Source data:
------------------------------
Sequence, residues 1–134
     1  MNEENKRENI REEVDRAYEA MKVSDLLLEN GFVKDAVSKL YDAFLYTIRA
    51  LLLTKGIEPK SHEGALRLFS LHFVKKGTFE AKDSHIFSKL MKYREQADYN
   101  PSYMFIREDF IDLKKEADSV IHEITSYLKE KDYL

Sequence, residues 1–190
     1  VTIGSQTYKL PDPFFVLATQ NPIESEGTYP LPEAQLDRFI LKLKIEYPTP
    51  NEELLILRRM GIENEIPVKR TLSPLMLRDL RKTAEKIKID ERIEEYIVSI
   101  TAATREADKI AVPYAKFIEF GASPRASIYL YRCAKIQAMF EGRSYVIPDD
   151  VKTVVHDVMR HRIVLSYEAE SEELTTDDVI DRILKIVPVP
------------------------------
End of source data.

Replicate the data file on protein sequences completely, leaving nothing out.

Sequence, residues 1–134
     1  MNEENKRENI REEVDRAYEA MKVSDLLLEN GFVKDAVSKL YDAFLYTIRA
    51  LLLTKGIEPK SHEGALRLFS LHFVKKGTFE AKDSHIFSKL MKYREQADYN
   101  PSYMFIREDF IDLKKEADSV IHEITSYLKE KDYL

Sequence, residues 1–190
     1  VTIGSQTYKL PDPFFVLATQ NPIESEGTYP LPEAQLDRFI LKLKIEYPTP
    51  NEELLILRRM GIENEIPVKR TLSPLMLRDL RKTAEKIKID ERIEEYIVSI
   101  TAATREADKI AVPYAKFIEF GASPRASIYL YRCAKIQAMF EGRSYVIPDD
   151  VKTVVHDVMR HRIVLSYEAE SEELTTDDVI DRILKIVPVP